Eq<Decrement<Decrement<_2>>, _0>
];
```

Implementing `Decrement<N>`

wasn’t straightforward, but after learning the trick it makes a lot of sense. Next up, is implementing `Subtract<N, Amount>`

. This is where it gets a little trickier.

TypeScript’s type system has no notion of loops, but we can do recursion. It’s good, because implementing `subtract`

as recursion is not very hard. Here’s an implementation in plain JS:

```
function subtract(n, amount) {
if (amount === 0) {
return n;
} else {
return subtract(decrement(n), decrement(amount));
}
}
```

Translating to TypeScript types seems kinda intuitive with conditional types:

```
type Subtract<N, Amount> = Amount extends _0
? N
: Subtract<Decrement<N>, Decrement<Amount>>;
```

Unfortunately, TypeScript does not support recursive type aliases at this time of writing, so it errors with a message like `Subtract circularly references itself`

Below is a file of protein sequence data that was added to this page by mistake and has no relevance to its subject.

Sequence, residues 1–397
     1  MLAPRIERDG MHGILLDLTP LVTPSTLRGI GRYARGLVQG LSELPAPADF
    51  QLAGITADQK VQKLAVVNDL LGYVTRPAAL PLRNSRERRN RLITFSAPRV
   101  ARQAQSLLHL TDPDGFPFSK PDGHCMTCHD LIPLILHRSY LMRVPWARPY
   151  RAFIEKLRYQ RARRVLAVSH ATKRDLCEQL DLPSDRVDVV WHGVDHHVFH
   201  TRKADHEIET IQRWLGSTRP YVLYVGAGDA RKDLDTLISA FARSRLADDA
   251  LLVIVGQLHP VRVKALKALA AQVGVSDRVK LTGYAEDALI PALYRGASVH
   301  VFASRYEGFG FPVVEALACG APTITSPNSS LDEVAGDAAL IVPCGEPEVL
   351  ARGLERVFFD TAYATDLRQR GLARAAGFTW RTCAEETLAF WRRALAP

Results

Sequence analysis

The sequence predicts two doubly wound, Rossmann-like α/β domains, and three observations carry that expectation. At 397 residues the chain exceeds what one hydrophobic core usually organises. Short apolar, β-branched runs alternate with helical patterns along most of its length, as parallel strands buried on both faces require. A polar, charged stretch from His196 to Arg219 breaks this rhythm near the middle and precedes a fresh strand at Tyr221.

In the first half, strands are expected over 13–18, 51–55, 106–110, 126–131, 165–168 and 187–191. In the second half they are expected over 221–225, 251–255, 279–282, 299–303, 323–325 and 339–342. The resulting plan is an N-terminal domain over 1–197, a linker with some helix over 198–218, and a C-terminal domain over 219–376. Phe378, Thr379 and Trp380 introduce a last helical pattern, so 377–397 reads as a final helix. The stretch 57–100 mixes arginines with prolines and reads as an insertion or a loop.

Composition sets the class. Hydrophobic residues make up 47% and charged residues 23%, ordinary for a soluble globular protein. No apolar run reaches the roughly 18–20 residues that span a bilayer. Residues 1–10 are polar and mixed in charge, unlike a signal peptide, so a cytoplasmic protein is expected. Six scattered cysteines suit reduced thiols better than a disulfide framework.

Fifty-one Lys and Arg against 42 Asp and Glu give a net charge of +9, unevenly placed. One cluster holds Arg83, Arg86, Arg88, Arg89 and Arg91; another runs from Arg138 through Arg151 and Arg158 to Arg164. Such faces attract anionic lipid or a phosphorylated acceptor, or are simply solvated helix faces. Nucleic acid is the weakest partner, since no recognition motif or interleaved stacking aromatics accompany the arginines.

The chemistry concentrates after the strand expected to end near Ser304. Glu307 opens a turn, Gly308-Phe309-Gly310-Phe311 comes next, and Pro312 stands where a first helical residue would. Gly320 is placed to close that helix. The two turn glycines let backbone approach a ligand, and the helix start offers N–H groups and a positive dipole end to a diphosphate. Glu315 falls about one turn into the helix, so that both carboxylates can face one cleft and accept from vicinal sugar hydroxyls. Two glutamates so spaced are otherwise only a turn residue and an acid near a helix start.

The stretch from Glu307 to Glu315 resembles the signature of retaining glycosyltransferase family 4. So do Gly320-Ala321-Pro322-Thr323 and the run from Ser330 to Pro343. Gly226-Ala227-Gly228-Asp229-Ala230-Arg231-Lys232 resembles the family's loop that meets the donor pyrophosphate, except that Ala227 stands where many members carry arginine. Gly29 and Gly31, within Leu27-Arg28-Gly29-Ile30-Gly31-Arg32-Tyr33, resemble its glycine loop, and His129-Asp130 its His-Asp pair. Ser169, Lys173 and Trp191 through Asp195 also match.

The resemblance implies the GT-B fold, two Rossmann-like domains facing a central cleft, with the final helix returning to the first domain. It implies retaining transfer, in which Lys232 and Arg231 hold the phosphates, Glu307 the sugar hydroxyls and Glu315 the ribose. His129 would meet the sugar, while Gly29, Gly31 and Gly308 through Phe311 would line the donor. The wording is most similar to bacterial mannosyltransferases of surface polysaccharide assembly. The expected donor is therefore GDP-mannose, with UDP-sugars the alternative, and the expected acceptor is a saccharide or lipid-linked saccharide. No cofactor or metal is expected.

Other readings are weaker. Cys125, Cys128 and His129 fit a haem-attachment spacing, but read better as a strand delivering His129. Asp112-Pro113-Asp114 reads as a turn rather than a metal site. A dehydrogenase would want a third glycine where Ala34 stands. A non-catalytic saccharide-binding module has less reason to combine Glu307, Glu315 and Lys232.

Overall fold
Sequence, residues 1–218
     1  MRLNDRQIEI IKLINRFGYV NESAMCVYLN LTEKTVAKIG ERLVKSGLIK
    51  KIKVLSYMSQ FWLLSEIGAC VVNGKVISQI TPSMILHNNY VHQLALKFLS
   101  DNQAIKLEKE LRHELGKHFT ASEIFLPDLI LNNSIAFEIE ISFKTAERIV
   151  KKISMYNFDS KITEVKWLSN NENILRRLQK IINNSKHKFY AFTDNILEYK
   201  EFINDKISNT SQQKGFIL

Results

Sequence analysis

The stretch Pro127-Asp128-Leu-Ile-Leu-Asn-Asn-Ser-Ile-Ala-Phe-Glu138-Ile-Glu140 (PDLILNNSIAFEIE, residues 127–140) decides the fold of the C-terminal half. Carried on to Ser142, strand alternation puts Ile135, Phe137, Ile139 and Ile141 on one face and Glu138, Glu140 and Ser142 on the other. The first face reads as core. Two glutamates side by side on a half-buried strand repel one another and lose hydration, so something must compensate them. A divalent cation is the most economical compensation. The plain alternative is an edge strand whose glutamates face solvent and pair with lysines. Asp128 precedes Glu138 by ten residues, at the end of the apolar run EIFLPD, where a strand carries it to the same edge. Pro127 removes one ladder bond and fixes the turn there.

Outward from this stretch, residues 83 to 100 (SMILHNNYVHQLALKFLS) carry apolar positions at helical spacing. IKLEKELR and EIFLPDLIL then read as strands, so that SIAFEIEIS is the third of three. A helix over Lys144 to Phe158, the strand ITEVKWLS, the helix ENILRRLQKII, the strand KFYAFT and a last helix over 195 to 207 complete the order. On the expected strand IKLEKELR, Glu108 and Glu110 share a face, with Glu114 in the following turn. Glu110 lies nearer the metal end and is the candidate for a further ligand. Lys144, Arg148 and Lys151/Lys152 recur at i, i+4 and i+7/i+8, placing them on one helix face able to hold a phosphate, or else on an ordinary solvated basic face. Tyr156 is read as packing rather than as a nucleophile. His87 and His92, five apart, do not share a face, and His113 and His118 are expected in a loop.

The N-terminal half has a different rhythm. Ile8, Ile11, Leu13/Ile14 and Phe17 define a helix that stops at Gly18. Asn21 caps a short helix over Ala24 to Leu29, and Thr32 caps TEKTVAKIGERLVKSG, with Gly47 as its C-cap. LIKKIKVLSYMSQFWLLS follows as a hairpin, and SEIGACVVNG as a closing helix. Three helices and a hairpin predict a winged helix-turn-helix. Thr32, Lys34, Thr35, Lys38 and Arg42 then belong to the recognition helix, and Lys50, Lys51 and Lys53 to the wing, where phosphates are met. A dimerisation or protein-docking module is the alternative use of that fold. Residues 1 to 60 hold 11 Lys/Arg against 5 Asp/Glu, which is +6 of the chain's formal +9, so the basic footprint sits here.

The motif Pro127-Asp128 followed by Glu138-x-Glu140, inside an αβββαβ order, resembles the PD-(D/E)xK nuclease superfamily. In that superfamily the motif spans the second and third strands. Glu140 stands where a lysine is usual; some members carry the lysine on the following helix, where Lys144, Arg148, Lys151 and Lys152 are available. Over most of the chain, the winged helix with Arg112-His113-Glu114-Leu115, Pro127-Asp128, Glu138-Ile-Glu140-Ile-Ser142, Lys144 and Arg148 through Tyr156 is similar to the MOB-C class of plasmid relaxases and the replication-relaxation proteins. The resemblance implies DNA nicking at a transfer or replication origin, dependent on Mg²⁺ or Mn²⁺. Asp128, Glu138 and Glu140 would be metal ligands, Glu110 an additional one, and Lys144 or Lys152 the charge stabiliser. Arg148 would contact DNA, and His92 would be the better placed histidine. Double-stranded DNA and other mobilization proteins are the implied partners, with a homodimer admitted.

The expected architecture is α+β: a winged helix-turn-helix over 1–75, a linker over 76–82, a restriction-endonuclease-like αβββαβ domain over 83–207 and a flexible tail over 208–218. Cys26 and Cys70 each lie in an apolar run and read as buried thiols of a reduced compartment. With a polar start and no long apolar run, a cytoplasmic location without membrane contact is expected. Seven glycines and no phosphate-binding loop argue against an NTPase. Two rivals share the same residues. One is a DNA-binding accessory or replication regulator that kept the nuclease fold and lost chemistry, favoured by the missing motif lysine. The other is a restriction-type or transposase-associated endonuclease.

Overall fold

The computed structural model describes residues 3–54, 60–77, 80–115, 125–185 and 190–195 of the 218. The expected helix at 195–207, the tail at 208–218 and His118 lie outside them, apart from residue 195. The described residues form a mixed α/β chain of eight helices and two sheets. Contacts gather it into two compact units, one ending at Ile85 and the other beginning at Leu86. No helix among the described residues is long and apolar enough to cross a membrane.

. Fortunately, it can be avoided by using some tricks. It is recommended not to do that in your production apps, but solving a puzzle is for plain fun. So we’ll do it anyway!

A nice trick to hack around it is to use an object where the keys are your stop conditionals, and then immediately reading a specific key based on the conditional. Hard to grasp, but let’s see it in action:

```
type Subtract<N, Amount> = {
amount_is_zero: N;
recurse: Subtract<Decrement<N>, Decrement<Amount>>;
}[Amount extends _0 ? "amount_is_zero" : "recurse"];
type test_sub = [